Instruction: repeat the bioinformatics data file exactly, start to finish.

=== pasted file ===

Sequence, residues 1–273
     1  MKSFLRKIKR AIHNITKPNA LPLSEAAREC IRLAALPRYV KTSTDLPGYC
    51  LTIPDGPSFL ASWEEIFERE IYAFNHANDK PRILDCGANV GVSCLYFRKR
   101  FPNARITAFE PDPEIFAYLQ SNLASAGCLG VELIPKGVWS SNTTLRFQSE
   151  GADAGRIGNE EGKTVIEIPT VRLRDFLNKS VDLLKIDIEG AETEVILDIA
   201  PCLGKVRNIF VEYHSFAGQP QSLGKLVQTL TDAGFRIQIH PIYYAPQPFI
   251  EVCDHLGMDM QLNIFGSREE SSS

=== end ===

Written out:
Sequence, residues 1–273
     1  MKSFLRKIKR AIHNITKPNA LPLSEAAREC IRLAALPRYV KTSTDLPGYC
    51  LTIPDGPSFL ASWEEIFERE IYAFNHANDK PRILDCGANV GVSCLYFRKR
   101  FPNARITAFE PDPEIFAYLQ SNLASAGCLG VELIPKGVWS SNTTLRFQSE
   151  GADAGRIGNE EGKTVIEIPT VRLRDFLNKS VDLLKIDIEG AETEVILDIA
   201  PCLGKVRNIF VEYHSFAGQP QSLGKLVQTL TDAGFRIQIH PIYYAPQPFI
   251  EVCDHLGMDM QLNIFGSREE SSS